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Imagine you’re in a tiny gray room with one window, moldy walls, and dingy furniture. It’s winter, and the room is cold. You have been trying, and failing, to sleep for the past week, and the insomnia is making you suicidal. You are plagued by claustrophobia, loneliness, sexual frustration, writer’s block, and your egotistic roommate is driving you insane—the very roommate, who, right at this desperate moment, comes into the room with the girl you’re in love with.
Red Light Winter is a story about unrequited love and intimacy and the loneliness and expectations that nurture love. It is, in director and third-year Will Bishop’s words, “about how a one-sided relationship can last, more or less.” The two-act play, written by the Pulitzer Prize-winning playwright Adam Rapp, showcases the tangled relationships between two friends and a prostitute they meet in Amsterdam.
Both acts of Red Light Winter are set in a small room in the middle of winter. Matt (second-year Alex Stein) is a suicidal and socially awkward playwright who lives in New York. He travels to Amsterdam with his womanizing and self-confident friend, Davis (third-year Andrew Cutler). Despite their apparent friendship, Davis often picks on Matt and makes caustic remarks about his work.
His blithe attitude aside, Davis does try to do his friend a favor by engaging a beautiful Parisian prostitute, Christina (played by fourth-year Meg Brooks) to sleep with Matt for the night. Matt falls for Christina almost immediately, and after that night can hardly forget her. When she reappears the next winter at his apartment in New York, Matt is both surprised and joyful. He hopes that his unrequited love can finally be reciprocated.
When Red Light Winter first premiered in Chicago’s Steppenwolf Garage Theatre in 2005, its violent and explicit sexual depictions set reviewers’ tongues wagging. For one controversial sex-scene, the actors were shown in the nude, and the act itself was barely hidden underneath a few blankets. This openness lent the original play a discomforting chord of realism amid the dramatics.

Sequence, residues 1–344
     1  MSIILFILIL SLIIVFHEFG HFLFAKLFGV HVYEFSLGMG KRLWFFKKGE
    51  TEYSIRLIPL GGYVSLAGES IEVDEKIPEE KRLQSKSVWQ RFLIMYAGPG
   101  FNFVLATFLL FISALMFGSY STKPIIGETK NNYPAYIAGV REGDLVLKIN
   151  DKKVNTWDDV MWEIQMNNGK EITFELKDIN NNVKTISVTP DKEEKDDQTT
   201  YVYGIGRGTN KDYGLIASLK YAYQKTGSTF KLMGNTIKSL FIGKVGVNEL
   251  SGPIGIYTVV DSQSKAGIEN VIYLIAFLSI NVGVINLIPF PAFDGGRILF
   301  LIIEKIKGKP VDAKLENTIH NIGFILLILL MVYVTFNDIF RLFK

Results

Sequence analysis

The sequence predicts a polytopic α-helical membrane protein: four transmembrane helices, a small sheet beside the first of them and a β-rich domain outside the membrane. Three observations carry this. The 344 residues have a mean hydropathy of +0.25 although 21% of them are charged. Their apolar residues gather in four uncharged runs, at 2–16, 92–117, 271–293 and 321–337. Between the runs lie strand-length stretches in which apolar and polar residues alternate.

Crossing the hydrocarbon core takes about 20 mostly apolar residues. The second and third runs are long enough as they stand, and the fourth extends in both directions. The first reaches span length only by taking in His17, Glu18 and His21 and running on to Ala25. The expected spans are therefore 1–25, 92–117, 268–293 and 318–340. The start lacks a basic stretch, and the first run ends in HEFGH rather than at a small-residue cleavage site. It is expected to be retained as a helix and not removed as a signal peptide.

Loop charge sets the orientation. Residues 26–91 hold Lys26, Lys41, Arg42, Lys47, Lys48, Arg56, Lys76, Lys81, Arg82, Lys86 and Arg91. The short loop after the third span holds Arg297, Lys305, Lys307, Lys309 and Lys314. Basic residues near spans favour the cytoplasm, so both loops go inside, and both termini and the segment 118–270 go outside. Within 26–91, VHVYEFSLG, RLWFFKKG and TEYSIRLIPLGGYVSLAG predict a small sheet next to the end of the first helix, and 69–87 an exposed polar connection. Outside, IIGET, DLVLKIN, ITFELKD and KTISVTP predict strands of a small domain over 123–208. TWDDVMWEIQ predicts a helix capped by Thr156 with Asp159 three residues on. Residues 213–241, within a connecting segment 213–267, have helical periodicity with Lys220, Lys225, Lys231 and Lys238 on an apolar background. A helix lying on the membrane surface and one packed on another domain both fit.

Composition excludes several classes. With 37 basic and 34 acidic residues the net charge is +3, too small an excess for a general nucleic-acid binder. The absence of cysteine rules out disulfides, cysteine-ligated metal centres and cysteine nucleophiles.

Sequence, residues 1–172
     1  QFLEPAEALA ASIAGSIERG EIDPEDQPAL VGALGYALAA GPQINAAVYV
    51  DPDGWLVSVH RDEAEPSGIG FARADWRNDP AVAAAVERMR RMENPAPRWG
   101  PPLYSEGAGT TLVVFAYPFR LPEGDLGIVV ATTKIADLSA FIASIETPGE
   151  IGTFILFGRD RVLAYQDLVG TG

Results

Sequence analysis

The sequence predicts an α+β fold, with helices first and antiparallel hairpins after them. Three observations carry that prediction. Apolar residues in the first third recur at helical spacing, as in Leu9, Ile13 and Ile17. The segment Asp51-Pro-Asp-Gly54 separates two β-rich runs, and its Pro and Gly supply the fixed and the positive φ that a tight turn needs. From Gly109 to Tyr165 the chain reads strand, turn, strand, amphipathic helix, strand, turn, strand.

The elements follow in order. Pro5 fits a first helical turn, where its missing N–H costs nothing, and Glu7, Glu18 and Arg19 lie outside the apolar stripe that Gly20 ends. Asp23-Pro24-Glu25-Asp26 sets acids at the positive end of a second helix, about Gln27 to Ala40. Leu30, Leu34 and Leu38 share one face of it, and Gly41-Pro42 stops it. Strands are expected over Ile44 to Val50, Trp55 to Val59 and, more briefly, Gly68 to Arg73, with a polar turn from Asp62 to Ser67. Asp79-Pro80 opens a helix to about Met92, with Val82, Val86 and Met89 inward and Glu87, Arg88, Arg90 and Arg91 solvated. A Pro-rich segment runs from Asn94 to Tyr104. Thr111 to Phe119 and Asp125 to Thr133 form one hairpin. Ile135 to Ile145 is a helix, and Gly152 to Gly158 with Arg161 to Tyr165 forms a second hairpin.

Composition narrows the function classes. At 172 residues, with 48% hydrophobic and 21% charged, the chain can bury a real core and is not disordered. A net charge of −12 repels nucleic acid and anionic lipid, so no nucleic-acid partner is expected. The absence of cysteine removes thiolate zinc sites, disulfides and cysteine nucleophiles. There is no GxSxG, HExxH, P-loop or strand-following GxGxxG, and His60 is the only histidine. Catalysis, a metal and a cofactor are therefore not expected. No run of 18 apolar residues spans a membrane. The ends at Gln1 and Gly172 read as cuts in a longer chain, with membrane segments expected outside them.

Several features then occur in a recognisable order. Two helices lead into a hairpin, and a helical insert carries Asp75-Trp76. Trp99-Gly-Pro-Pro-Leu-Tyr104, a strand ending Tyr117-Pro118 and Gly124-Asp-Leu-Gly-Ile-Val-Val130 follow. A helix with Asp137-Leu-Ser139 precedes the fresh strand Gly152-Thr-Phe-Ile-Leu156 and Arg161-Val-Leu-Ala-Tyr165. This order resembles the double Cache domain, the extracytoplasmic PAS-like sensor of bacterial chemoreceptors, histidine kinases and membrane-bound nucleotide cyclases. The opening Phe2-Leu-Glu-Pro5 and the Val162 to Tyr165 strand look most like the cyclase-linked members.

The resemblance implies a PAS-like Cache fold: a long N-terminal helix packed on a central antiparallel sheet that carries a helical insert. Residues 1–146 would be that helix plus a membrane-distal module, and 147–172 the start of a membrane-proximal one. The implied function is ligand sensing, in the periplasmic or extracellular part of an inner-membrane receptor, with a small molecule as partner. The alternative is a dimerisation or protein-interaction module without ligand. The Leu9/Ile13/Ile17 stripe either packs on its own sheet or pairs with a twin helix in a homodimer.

But there will be no nudity in this production, Bishop says. Though he would prefer to stick to the script, he concedes that on-stage nudity in a college theater would have been too uncomfortable. “Some of the actors’ friends are going to be in the audience, and it will be awkward to see them naked,” he said.
However, the sex scenes are still there, and the actors should be admired for their daring. Also, Cutler is brilliant as Davis. He rattles off Davis’s long lines fluidly and with a caustic undertone that lets Davis’s egotistic personality shine through. We see Matt’s shyness around people through his stiff gait and stumbling stammer that is acted out by Stein. Brooks manages to pull off a convincing Parisian accent and even sings on stage.
What is most surprising about this play is that it’s built on archetypes and familiar plot lines. Matt is the stereotypical bookish nerd, and Davis is the popular jerk (think Tony and Sid from Skins). Christina acts the role of the femme fatale—beautiful, seductive, and, as if taking the phrase literally, French. The storyline itself is just as conventional. There are few plot-inducing surprises, and the ending is something we might have expected of a romantic tragedy.
That is not to say the play is anything less of a masterpiece. In fact, what makes it brilliant is its familiarity and simplicity. With well-crafted dialogue, Rapp manages to paint an underlying tone of realism beneath the stereotypical, and the truth has never been made more glaring. Looking past Matt’s awkwardness, we can relate and sympathize with his situation and dilemma.
In a school reputed for its anti-social tendencies, Red Light Winter reminds us of what those LikeALittle postings and constant Facebook stalking stand for. In the end, we are left with a familiar image of a one-sided love, the excitement and expectations, and the bittersweet knowledge of what could have been.